Name: Andrea Fields
Year: Class of 2015
Hometown: Brooklyn, NY
Majors: Molecular and Cellular Biology and Writing Seminars
One of the scariest parts of the college process was writing application essays. Between in depth descriptions of my deep appreciation for digital photography and neatly worded paragraphs about my summer in the neonatal unit, I was beyond overwhelmed. It wasn’t that I disliked writing, I actually secretly really enjoyed it, but summing myself up in a few hundred words was both daunting and slightly demeaning. I liked to think my seventeen years of life extended much further than a few double-spaced pages but, in mid October of last year, I sent the Microsoft Word version of myself to Johns Hopkins.
On the Hopkins application I was asked to write down what I intended on majoring in. Unlike most of my friends from home (and most seventeen-year-olds), I was very strongly set on what I was going to do with my life. At family functions and graduations gatherings when asked what I was thinking of studying, I would proudly declare that I was going to major in molecular and cellular biology without any hesitation. This was a dream come true to my father who majored in Chemistry in college, but my mother, who earned a degree in English Literature, constantly questioned whether or not I was really her daughter.
Signing up for classes in July was easy: I knew I wanted to fulfill some of the biology requirements early on and also take a couple of classes that were completely irrelevant to my major. Chemistry and calculus filled my cart within seconds but I decided to sign up for Fiction and Poetry Writing 1, otherwise known as IFP, on a whim, figuring I probably would get sick of so much science. After adding Introduction to Neuroscience and a freshman seminar my slightly unbalanced schedule was set and I was ready for Hopkins.
Choosing IFP wasn’t as random as I make it seem though. In high school I didn’t have the chance to take a class focused specifically on fiction or poetry but in English class we were sporadically assigned creative writing. Upon the announcement of the assignments, buried between the moans of anguish and annoyance from my classmates, was my excitement; I was always one of the few who truly enjoyed these assignments, and found myself beginning to write on the side for fun. When browsing through Hopkins’ class list I knew immediately that I needed to see what it was like to write in a class and IFP was the perfect opportunity to do so. Unlike my large neuroscience and chemistry lectures, there were only 15 students in my class and our majors ranged from cognitive science to classics. After we introduced ourselves we immediately started analyzing poetry. As the weeks went on, we got further into fiction and began writing and work shopping our own short stories. It was something I’d never experienced before and while I still loved my calculus and chemistry classes there was something special about being able to sit in a circle and discuss the differences between Welty and Woolf. I started to look forward to Tuesdays and Thursdays at 10:30 and not just because it was the latest I got to sleep during the week; I knew I was starting to change my mind about my major.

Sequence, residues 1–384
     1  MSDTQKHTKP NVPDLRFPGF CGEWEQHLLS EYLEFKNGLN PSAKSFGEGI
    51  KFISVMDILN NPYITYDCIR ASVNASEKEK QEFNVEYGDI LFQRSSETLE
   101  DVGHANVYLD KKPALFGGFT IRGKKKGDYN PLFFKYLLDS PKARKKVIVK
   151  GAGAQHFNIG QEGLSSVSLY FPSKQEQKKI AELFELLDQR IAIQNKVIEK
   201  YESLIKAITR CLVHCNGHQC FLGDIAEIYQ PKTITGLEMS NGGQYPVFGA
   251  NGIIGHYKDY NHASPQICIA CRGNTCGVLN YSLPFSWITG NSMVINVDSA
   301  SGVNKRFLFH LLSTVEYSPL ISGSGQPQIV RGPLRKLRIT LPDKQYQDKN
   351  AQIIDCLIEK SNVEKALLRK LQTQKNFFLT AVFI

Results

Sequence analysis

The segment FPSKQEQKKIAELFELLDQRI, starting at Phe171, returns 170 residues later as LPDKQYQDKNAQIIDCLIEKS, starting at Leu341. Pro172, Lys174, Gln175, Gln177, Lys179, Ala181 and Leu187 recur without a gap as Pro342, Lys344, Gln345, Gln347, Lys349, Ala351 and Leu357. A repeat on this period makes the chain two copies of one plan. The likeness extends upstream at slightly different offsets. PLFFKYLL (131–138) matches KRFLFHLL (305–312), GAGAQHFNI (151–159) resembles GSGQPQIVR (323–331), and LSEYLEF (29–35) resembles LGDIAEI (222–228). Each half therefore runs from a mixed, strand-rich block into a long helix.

About a month into school I had my first slip up. Upon introducing myself to someone, I smiled and said that I was Andrea from Brooklyn majoring in Molecular and Cellular Biology and, uh, maybe Writing Seminars. I paused and despite a few confused looks from my close friends I realized that what I said wasn’t wrong. I spent all day mulling over the idea of double majoring in two totally disparate areas of study and realized that I really did want to study those two things for my next four years.
Right now, even though it’s only half way through first semester, I’m already starting look forward to second semester classes and figuring out how to fit calculus 2 and English Lit among many other classes into my schedule. Every so often I can’t help but think back to this time last year and how different I was: instead of Chemistry, college applications were ruling my life and I thought I had my future mapped out perfectly. Even though I thought I knew myself better than anyone, I now realize there’s nothing wrong with not knowing exactly what I want to do with my year or my life. College is for self-exploration and while getting to know myself better I’ve met so many amazing friends and accomplished professors who manage to teach classes while still periodically publishing papers. I also know that I’m in for many more fiction classes and creative writing than I expected when arriving on campus in August and I truly can’t wait.
Oh and before I go, let me introduce myself. I’m Andrea, I’m from Brooklyn and I’m double majoring in Molecular and Cellular Biology and Writing Seminars.